Instead of driving to the local, stinky indoor gym or pounding the pavement on dirty city streets, go spend some time in Nature this week. It will probably do you a lot more good. In fact, researchers with the Institute for European Environmental Policy recently reviewed and reported on more than 200 academic studies that provide further evidence of the many healing benefits of spending time in green spaces.
In one of the new studies included in the report, researchers looked at people living in homes in lower socio-economic areas. They compared health outcomes of people living in areas with more trees, vegetation, and access to Nature to those living in urban areas without them.
Outcomes showed that residents who lived near green space were less likely to be obese, inactive, or dependent on dangerous antidepressant drugs. Overall, the men had a 16 percent lower death rate compared to matched participants living in urban areas. And pregnant women had lower blood pressure and gave birth to healthier babies.
This new report, entitled Nature for Health and Equity, is the most comprehensive investigation yet into the connections among Nature, health and well-being. The advocacy group Friends of the Earth Europe commissioned it. And they aim to give all Europeans access to green spaces within 300 meters of their homes in the next 10 years.
Of course, Europe has long been much more densely populated than North America.
In fact, many historians think that European living environments became almost completely stripped, due to deforestation and disease, by the 1600s.
This sad state of affairs led to the migration of Europeans to the Americas. After the first generation, with assistance from Native Americans, they (along with the plants they brought with them) began to thrive in the new lands surrounded by Nature.
The new report also includes research from several previous studies on which I have reported. In one of the studies, Canadian researchers observed that in terms of health outcomes, just 10 more trees in a city block was equivalent to having an extra $10,000 per year in annual income, or being seven years younger. Clearly, access to Nature can help make-up for the health disparities seen in populations with lower socio-economic status.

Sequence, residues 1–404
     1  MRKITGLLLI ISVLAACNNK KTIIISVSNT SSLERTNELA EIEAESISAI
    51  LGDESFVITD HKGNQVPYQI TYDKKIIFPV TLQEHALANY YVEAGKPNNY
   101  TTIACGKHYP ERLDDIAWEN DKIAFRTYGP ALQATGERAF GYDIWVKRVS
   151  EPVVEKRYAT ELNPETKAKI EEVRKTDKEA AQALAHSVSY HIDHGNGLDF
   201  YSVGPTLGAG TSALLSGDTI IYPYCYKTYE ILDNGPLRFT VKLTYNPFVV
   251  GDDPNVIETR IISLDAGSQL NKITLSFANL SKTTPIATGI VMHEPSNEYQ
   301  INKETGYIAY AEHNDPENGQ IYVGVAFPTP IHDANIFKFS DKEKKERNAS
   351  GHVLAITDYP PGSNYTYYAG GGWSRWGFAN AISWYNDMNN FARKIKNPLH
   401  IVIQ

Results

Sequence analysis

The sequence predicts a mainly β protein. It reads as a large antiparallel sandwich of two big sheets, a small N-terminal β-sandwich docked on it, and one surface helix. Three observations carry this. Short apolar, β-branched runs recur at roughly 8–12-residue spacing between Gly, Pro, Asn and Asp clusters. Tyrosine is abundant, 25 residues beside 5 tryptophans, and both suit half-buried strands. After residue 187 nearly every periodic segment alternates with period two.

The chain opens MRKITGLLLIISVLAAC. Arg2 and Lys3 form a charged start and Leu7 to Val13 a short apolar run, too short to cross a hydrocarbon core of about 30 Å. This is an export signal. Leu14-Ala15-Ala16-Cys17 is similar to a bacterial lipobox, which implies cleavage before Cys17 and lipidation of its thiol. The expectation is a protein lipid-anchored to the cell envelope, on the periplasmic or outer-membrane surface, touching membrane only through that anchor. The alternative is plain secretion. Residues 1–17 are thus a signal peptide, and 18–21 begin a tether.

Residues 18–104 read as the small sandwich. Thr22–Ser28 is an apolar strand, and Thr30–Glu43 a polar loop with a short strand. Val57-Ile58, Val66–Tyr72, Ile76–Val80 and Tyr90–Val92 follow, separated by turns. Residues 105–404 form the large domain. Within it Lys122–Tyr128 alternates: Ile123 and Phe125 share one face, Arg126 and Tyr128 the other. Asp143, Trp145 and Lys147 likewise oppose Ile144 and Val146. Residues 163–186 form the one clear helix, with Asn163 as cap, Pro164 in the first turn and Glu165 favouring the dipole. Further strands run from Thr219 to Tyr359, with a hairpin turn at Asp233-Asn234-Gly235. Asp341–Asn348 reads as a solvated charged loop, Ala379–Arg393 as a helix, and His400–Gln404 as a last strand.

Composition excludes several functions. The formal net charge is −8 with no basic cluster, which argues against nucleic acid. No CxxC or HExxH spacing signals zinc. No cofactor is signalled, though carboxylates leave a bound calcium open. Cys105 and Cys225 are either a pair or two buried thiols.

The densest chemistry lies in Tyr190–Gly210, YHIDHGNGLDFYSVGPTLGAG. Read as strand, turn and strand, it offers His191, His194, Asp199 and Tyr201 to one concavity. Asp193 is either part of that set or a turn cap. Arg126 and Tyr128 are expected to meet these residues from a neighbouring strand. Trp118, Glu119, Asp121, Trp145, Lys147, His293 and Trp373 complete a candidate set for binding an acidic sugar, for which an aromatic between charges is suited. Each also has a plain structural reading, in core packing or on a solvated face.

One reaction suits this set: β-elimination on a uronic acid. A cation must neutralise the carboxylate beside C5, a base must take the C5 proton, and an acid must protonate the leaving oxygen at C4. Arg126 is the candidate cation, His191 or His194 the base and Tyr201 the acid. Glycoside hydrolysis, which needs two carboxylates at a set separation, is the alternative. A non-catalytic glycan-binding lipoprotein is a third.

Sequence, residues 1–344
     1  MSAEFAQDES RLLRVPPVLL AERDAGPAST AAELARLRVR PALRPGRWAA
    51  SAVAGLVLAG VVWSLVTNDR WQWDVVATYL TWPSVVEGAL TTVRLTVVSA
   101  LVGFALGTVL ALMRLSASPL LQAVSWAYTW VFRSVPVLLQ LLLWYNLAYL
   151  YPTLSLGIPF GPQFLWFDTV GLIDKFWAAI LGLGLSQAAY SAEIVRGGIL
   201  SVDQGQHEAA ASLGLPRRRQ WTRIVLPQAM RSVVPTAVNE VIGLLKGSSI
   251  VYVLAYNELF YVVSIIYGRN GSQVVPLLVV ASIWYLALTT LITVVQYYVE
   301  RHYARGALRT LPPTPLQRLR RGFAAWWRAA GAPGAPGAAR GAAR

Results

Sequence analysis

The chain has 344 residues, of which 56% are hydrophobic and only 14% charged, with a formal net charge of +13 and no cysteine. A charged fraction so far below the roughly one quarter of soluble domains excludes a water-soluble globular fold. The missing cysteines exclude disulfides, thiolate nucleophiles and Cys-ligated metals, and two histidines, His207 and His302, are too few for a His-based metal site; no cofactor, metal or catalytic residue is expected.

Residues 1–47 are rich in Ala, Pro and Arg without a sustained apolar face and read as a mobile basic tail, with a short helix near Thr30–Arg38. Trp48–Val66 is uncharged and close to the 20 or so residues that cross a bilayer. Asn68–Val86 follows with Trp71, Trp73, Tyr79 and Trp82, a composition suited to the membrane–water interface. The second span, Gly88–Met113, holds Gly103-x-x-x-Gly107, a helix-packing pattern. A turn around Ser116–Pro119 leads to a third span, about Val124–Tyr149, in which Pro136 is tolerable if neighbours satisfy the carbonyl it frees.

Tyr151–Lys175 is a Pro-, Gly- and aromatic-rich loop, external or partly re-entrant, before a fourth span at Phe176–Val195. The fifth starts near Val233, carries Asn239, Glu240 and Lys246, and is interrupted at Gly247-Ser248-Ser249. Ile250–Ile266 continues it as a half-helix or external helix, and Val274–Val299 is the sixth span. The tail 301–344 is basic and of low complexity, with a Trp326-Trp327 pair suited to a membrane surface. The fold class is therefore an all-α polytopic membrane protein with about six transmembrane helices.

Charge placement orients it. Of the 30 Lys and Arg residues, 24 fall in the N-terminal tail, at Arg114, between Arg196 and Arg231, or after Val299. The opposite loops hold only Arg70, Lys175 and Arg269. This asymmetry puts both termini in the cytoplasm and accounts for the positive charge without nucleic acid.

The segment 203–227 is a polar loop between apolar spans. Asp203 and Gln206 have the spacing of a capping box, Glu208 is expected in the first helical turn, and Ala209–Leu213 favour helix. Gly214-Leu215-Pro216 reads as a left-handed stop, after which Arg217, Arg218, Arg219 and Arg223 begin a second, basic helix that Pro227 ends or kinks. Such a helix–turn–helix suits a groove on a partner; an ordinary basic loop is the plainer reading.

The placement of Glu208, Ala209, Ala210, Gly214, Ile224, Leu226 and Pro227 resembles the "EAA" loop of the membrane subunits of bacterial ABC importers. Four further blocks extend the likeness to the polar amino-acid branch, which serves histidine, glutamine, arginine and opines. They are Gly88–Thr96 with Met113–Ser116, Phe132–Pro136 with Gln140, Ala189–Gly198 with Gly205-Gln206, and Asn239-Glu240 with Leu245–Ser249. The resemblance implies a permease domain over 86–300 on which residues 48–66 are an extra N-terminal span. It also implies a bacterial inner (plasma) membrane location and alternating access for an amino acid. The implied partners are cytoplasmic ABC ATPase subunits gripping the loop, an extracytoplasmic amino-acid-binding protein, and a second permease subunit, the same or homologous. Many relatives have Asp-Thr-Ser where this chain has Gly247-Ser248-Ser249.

In a U.S. study, researchers found that hospital patients with views of trees from their windows were discharged one day earlier than patients whose rooms looked out onto walls. Unfortunately, as I reported a year ago, the venerable Boston Children’s Hospital decided to destroy their historic Prouty Garden on the hospital grounds, so they could build more decidedly unnatural high-tech facilities. Based on this new study, I can only think they are losing more than they think they are gaining from this unfortunate trade-off when it comes to the health of the community.
Nature is an under-appreciated healer
Nature offers many powerful health benefits ¾ including allergy reduction, better mood, increased self-esteem, and improved well-being. In fact, the Nature factor appears to be as large as most of the government’s favorite risk factors (the few that have actually turned out to be correct).
It is interesting to consider that the National Park Service and state and local natural parks may do more overall for health and well-being than anything else in which the government gets involved.
Historically, out on the American frontier, people were often healthier because there were no doctors. But they had greater access to Nature and relied on natural remedies.
Observers from Alex de Tocqueville to Charles Dickens during the 19th century often commented on the unhealthy living conditions in cities compared to more rural areas. Later that century, Silas Weir Mitchell, a Philadelphia neurologist (and novelist), started recommending the “Rest Cure” or “West Cure” and sent patients out into natural areas out West.
Teddy Roosevelt took the West Cure and reversed his severe childhood respiratory problems. Of course, he also went on to become one of our most vigorous and important presidents (still memorialized out West on Mount Rushmore).
Indeed, patients with “incurable” respiratory infections, before the era of antibiotics, experienced 50 percent recovery rates just from taking the Nature Cure. Even before scientists discovered vitamin D, they recognized the link between sunshine and health as part of the Nature Cure.
The idea of “wilderness” ¾ proposed by naturalist John Muir and others at the end of the 19th century ¾ first took hold when most people began living and working in urban environments. Before that time, wilderness was just where people lived, surrounded by Nature.
So ¾ this summer, take advantage of the season by getting out into Nature. Explore your local parks and our national wilderness areas. I saw a report last year that for the first time in recorded history, the amount of forested land has increased in North America, Europe, and even parts of Asia during the past two decades. We certainly don’t hear that good news in fundraising pitches from the environmental alarmist establishment.
Above all, if you are fortunate enough to have trees right in your own local living environment, don’t cut them down and replace them with artificial lawns. And don’t use artificial chemicals on your grass. The birds and the bees will thank you — and so will your health.
“Nature for Health and Equity,” Institute for European Environmental Policy (www.foeeurope.org) 3/21/2017